When a handful of queer folk started gathering for prayer meetings in a Houston apartment in 1972, marriage equality was a distant dream. Sodomy laws were on the books—and still being capriciously enforced in Texas. The American Psychiatric Association was still one year away from removing homosexuality from its list of mental illnesses. LGBTQ Houstonians sometimes lost their jobs and housing after being publicly outed.
It was into this world, at the dawn of the post-Stonewall civil rights era, that Resurrection Metropolitan Community Church (RMCC) was born.
The Early Years
In 1972, RMCC founding member Gregory Shelton was a student at Prairie View A&M University. He had been thrown out of both his family’s home and the Roman Catholic Church for being gay and unrepentant about it. In the university library, he discovered the book The Lord Is My Shepherd and He Knows I’m Gay by Rev. Troy Perry, who had founded the first MCC in Los Angeles in 1968. Encouraged by this book, Shelton began looking for gay-affirming church groups, a search that led him to the Houston prayer meetings. Having no car at the time, Shelton attended by hitchhiking or taking a bus from Prairie View.
Assisted by missionaries from Hope MCC in Dallas, this prayer meeting grew and, in 1974, started meeting in a former bicycle repair shop on Waugh Drive. In February of 1975, Resurrection became an official congregation of the MCC. Shelton was among the signers of the original charter and remains a church member to this day.
The young congregation endured the same police harassment that was common in the gay bars at the time. When the Ku Klux Klan learned of RMCC, they burned a cross outside the church and made threats on the life of the pastor. Since no help could be secured from the police, congregants formed their own security team.
Those early years were full of anxiety, Shelton notes. “We were scared at the beginning! They knew who you were, and sometimes you’d get abuse coming here.” Still the congregants summoned the courage to keep going. “Sometimes we had a sign-in sheet. [Those who] were afraid to sign in would use a pseudonym.”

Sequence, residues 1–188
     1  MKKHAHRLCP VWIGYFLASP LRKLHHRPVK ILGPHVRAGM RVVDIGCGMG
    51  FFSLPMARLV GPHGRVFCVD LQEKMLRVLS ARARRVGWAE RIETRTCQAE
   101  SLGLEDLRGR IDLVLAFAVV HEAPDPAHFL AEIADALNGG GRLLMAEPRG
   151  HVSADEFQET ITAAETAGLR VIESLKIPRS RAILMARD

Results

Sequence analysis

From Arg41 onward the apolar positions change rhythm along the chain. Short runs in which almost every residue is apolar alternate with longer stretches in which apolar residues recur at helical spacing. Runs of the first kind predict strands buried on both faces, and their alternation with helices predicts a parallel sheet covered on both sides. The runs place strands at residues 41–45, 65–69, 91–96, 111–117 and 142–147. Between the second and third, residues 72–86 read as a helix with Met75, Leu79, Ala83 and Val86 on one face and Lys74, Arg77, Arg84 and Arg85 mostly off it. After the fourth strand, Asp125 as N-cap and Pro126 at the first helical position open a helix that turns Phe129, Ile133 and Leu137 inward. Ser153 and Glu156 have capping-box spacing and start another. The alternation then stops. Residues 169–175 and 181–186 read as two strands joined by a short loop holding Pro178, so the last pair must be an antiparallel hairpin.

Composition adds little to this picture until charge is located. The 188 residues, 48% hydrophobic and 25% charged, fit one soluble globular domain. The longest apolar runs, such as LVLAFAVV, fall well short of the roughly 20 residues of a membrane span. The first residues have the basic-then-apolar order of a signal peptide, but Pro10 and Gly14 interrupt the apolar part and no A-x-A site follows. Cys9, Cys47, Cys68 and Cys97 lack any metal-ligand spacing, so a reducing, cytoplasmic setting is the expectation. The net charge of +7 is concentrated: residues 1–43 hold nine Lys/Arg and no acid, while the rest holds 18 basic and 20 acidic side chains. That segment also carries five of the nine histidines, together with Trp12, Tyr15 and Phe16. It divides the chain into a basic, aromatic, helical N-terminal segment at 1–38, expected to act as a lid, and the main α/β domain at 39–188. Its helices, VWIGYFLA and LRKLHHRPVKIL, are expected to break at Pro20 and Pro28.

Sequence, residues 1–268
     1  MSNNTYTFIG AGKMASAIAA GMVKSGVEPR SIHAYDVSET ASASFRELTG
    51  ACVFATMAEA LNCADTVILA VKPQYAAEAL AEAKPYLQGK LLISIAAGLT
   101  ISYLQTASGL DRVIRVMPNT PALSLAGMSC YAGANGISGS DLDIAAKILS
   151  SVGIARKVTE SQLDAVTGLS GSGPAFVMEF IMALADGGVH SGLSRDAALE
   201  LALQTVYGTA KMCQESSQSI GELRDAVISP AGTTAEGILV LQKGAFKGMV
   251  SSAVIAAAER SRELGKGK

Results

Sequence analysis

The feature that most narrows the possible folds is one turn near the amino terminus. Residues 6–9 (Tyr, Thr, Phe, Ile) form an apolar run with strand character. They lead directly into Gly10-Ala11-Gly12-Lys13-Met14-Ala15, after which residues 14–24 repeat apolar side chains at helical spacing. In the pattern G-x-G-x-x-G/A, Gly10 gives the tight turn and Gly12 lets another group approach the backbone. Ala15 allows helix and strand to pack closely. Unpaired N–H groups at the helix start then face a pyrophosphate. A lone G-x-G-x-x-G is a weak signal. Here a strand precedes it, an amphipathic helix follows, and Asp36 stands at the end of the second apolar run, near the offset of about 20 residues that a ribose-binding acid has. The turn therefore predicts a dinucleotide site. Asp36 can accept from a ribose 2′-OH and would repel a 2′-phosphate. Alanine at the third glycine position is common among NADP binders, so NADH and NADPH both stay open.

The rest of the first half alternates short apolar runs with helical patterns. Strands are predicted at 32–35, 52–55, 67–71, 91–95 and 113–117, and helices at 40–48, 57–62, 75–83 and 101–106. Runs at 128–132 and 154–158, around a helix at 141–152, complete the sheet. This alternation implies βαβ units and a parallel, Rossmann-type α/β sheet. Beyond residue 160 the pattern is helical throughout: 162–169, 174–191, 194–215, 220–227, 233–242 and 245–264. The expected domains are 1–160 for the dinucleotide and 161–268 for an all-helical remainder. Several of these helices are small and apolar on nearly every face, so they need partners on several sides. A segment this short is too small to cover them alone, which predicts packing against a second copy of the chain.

RMCC’s current pastor, Rev. Elder Troy Treash, describes that era as Resurrection’s “sanctuary-oasis years.” Despite the dangers they encountered, it was nonetheless a place for queer people to gather for spiritual support and safety.
Called to Action
As the congregation grew in numbers, they kept outgrowing their rented spaces. In 1979, they were able to purchase a church building at 1919 Decatur Street near downtown Houston. The relationship between the growing church and the broader LGBTQ community is evidenced by a story from Iris Rodriguez, an RMCC member of over 25 years. She first learned of Resurrection from her friend Marion Coleman, the owner of Houston’s pioneering lesbian bar Kindred Spirits. “At the time—early 1980s—that bar was the community center for every lesbian in Houston,” Rodriguez says. Coleman asked Rodriguez to attend the various religious organizations around Houston, including RMCC. “It all started [for me] because there was a leader in our community who said, ‘We need to help our churches.’”
This sort of community connection became central to the overriding story of the 1980s and 1990s: the AIDS crisis. Annette Beall, another long-term member and former church-office employee, speaks of those years as a defining time for her. “Against all odds, the church has always shown compassion” she says. “I experienced the compassion of MCC when people had no one. People were not allowed to go to their partners’ funeral services. The families took that away from them.” Into that void, Resurrection served people whether or not they were church members.